>Afterall, I can think of a dozen reform schemes (including direct state
>provision of care or unregulated cut-rate HMO's running wild) that would
>get us lower costs. Focusing on costs is arguably a bad strategy, but
>focusing on costs independent of the many and varied distributional issues
>involved is even worse.
I'm not sure I follow. It seems to me that, if we control for ability to pay, distribution is reasonably good--apart from there being a lot of chronically underprovided geographic areas right now. So you must mean something else?
>This may be too fine a point politically. I don't know. I don't make this
>point because I think support of single payer--by those that do support
Again I'm not sure I follow. Did you leave out a negation in there somewhere?
>I just think it's wrongheaded to let the Mass. Medical
>Society lead the charge. Physician support for single-payer is in part
>reactionary. Physicians can maintain higher incomes and greater autonomy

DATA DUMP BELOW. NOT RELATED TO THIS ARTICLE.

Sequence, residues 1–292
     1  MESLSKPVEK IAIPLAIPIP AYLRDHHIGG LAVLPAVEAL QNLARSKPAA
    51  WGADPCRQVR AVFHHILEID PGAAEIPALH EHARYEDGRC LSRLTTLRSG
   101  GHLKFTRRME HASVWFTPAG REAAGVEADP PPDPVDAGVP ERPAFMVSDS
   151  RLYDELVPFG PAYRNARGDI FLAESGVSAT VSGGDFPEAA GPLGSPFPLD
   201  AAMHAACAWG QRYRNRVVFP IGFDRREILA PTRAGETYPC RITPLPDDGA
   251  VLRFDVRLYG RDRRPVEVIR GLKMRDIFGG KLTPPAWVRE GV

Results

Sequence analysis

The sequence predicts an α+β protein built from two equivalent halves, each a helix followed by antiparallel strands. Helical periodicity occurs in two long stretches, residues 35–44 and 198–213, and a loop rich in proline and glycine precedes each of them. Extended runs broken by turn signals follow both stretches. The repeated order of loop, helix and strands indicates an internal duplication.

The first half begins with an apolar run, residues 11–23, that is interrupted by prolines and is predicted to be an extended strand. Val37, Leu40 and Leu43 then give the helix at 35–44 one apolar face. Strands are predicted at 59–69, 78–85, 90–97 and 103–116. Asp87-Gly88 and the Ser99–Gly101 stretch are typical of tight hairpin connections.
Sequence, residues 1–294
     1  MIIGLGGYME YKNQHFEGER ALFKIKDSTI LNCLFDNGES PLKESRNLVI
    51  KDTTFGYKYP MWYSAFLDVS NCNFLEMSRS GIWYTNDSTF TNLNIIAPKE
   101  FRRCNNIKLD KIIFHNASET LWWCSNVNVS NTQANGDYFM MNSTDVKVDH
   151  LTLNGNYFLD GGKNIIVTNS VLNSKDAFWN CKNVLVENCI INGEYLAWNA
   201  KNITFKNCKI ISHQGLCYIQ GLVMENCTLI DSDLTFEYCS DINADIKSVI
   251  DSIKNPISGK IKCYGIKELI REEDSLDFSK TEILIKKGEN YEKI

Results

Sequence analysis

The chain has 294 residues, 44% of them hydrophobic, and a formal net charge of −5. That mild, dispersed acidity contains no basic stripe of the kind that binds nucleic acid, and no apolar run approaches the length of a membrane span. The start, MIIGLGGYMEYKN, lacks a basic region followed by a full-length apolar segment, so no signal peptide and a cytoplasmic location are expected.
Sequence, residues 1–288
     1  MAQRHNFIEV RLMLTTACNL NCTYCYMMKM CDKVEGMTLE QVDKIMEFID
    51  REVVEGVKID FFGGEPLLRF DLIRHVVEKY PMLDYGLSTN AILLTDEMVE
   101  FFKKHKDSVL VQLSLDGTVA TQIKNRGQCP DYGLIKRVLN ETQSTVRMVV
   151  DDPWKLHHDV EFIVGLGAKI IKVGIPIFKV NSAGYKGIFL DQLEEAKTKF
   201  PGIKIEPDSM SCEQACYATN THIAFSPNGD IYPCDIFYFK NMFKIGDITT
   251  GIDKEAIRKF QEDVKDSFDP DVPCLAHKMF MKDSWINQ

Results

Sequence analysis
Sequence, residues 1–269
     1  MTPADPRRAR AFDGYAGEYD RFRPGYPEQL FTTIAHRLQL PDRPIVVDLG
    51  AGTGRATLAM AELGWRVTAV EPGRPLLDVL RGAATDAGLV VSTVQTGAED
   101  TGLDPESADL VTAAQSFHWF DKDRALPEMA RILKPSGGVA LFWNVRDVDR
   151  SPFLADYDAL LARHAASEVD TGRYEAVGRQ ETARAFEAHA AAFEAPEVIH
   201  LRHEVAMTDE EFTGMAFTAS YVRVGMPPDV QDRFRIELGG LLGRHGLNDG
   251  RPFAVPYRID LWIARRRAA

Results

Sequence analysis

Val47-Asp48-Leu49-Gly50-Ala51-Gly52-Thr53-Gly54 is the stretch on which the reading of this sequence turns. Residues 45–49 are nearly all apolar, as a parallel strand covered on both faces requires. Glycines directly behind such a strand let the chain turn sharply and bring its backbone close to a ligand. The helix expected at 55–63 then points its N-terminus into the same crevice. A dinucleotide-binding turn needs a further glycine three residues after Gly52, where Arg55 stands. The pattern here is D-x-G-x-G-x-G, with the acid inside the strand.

>under single-payer than they can in an increasingly "managed" care system.
>Physicians can also maintain greater power over others in the health care
>delivery system under single-payer ("managing" care has increased the power
>and responsibilities of other health care providers--but not necessarily
Are we better off letting the money go into the pockets of the physicians or the administrators?
>(I take it "G" stands for "1000 Million" because many readers would need to
>see the "B" for "Billion").
Yes: G=giga, M=mega, K=kilo I don't use B for precisely the reason (i think) you suggest--it's not uniquely-defined.
>One could reduce health care spending by lowering interest rates, improving
>equity in education, increasing interpersonal skills, and making sure
>everyone had a good job as well.
And how wonderful THAT would be!